concepts, many more concepts can be acquired from experience; they serve as the pegs on which we hang the specifics of our knowledge. We approach the world with our built-in concept of causality, and the sciences give empirical content to that formal assumption by their discoveries.
We can think of a concept as a disposition which shows itself in an ability to recognise real life instances of something, or drawings and other replicas of it. For example, if we have the concept of grass, we can recognise it when we see it and we can imagine it. There are many types of grass, and we can enrich our concept by acquiring a more detailed classification of that biological type. A concept then is something we can have to a lesser or a greater extent, and it shows itself in our ability to recognise instances.
But a concept requires to be expressed via language or other symbolism. If we have the concept of grass, we can use the word in a meaningful way and also spot strange or metaphorical uses. For example, if someone says: 'My grass is red', we would want to ask: 'What have you done to it?'; and when the prophet says: 'All flesh is grass', we can follow what he means. So, our knowledge of patterns forms our concepts which in turn can be expressed in the symbolism of language.
Some philosophers have objected that having a concept is no more than being able to use appropriate language or other forms of symbolism – that we don't need the additional idea of concepts. Our knowledge of the groupings in the world, they say, can be adequately explained simply by our ability to use language. According to this view, it is language rather than concepts which is essential to progress knowledge. Consider this passage from Between the Acts
by Virginia Woolf:
Mrs Swithin's thoughts rustle through her mind, frequently confusing and eluding her and, as she tells her brother, proving hard to verbalise:
'We haven't the words – we haven't the words,' Mrs Swithin protested. 'Behind the eyes; not on the lips; that's all.'
'Thoughts without words,' her brother mused. 'Can that be?'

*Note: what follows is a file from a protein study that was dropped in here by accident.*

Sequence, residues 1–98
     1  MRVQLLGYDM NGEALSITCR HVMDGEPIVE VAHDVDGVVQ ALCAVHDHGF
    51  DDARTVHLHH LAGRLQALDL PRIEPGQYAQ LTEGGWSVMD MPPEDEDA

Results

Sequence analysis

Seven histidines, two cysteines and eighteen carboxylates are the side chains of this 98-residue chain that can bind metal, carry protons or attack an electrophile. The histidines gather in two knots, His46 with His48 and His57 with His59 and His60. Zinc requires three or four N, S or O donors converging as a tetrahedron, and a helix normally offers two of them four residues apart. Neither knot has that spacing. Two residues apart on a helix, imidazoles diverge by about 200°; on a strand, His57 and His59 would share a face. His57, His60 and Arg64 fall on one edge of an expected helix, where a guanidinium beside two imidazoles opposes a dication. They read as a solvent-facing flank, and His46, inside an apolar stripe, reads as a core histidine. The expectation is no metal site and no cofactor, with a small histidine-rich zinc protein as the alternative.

Yes, it can be! Some thinking does not involve language at all. For example, consider sign-cognition: I might glance at the sky and decide to take an umbrella. In such cases, no words need go through our minds. Or we might glance at our partner's expression and decide not to proceed with the anecdote. Thoughts overflow language and other symbols.
Even when we do use words in our thinking we rarely use full sentences. A few scrappy words might express our thinking. Again, we have all had the experience of looking for the right word and getting suggestions – no, not that, yes, that is what I am trying to say! The implication of that type of example is that there is a concept in our head which is guiding our search for appropriate language.
Hume points out that we can use a single word as a way of holding our thoughts together. For example, if we are to make a speech or recite a poem, we might reassure ourselves that the whole thing is in our mind in readiness by holding on to the first word or line. In other words, concepts are under the surface guiding our use of language, or to put it another way, language must be used understandingly, and the understanding comes from input from the underlying concepts.
Language is one type of symbolism in which we express our underlying concepts. But another type of symbolism is numbers. Mathematics has a conceptual structure expressed mainly through the symbolism of numbers. Most of us, if asked to carry on from 2, 4, 6, will be able to write down 8. The pressure of the underlying mathematical concepts leads us to the appropriate symbols.
In sum, knowledge and understanding are possible because the world is structured in a patterned way which has an underlying causality and follows the laws of physics. Secondly, knowledge and understanding are possible because we have a hard-wired conceptual structure which enables us to discover these patterns. The hard-wired concepts can be enriched through empirical experience and are expressed through language, mathematics or other forms of symbolism.
The Festival Fringe used to have an excellent show called The Abridged Works of Shakespeare
. I have tried to provide you with the abridged works of Plato, Aristotle, Kant and Hume.
Robin Downie is Emeritus Professor of Moral Philosophy at the University of Glasgow